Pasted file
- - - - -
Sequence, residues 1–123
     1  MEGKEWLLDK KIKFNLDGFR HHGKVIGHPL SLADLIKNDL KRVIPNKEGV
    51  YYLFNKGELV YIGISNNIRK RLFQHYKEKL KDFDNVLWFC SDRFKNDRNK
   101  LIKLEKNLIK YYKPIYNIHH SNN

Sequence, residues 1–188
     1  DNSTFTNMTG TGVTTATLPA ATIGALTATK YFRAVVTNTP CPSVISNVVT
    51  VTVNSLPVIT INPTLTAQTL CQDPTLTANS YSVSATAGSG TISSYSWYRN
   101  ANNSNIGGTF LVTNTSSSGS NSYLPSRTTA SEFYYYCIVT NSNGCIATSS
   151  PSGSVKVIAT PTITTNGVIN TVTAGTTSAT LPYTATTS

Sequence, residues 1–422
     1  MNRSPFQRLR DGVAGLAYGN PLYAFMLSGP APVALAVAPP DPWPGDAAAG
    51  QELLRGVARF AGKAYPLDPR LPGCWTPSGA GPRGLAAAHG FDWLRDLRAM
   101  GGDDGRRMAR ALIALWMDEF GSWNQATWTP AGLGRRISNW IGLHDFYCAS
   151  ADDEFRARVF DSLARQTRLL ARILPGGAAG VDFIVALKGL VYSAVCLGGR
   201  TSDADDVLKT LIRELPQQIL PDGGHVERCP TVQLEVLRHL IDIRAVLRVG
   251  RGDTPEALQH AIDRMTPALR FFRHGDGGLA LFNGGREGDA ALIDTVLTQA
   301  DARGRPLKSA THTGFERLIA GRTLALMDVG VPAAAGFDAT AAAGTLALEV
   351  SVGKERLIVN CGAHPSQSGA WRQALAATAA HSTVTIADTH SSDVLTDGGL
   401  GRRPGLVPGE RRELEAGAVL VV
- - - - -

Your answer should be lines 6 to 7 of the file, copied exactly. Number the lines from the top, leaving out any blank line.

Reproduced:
     1  DNSTFTNMTG TGVTTATLPA ATIGALTATK YFRAVVTNTP CPSVISNVVT
    51  VTVNSLPVIT INPTLTAQTL CQDPTLTANS YSVSATAGSG TISSYSWYRN